Sept. 25, 2021
-- With lots of us making the move towards a more eco-friendly lifestyle, holding the key to an allotment or community garden, as commonly referred to in the U.S.A is now almost as desirable as securing the key to your own home.
Eager to minimise our food miles and engage in organic horticulture, there are huge waiting lists for allotment plots across the U.K, with wannabe growers in London understandably facing the longest waits. The longest waiting list for a single allotment was at Bushy Park in Richmond-upon-
Thames, southwest London, where you'll have to join the queue behind 637 others.Get Planning
A well-planned allotment is easier to care for. It saves time in the allotment allowing you to prioritize beneficial tasks such as mulching and building raised beds suitable for organic crops. Start planning your garden well in advance so you will be ready to get to work when sowing time arrives. If the soil was not tilled in the fall, that must be done early in the spring. A garden planner (https://theorganicstreet.com/register/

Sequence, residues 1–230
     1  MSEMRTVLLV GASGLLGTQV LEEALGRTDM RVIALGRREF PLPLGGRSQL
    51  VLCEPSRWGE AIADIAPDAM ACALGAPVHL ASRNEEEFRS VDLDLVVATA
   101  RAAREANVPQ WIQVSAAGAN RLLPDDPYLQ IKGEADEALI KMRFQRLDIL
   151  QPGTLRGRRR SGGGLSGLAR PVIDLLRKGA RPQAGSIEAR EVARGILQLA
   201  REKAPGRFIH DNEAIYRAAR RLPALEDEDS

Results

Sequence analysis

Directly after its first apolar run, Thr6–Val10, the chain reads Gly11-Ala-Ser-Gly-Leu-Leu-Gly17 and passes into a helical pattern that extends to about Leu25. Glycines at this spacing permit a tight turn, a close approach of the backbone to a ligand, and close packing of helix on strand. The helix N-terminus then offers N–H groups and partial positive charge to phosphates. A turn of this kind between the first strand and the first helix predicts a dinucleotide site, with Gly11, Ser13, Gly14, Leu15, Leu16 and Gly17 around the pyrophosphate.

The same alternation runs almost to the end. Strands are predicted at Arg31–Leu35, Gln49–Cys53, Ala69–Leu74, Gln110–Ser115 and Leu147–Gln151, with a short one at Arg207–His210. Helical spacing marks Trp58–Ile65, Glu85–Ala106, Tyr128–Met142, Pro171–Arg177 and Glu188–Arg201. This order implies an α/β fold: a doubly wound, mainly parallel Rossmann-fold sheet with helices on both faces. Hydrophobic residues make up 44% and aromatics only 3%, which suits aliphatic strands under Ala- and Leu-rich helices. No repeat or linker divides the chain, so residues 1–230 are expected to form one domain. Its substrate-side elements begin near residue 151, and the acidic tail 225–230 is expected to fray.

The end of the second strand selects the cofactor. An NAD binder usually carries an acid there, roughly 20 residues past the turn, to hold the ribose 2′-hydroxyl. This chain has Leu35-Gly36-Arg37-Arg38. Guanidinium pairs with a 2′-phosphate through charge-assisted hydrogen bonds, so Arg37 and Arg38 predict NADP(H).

) can really go along way – remember take the pressure off your shoulders, sow what you eat not what you think you might eat.Your Rights
The Allotments Act 1922 provided allotment holders with some security of tenure by setting out specific periods of notice for ending a tenancy. Landlords could only end an allotment garden tenancy by giving the allotment holder a minimum of six months' notice. This was increased to 12 months by the Allotments Act 1950. The landlord may end the tenancy by giving one month's notice where the allotment holder has breached any of the conditions of the tenancy agreement.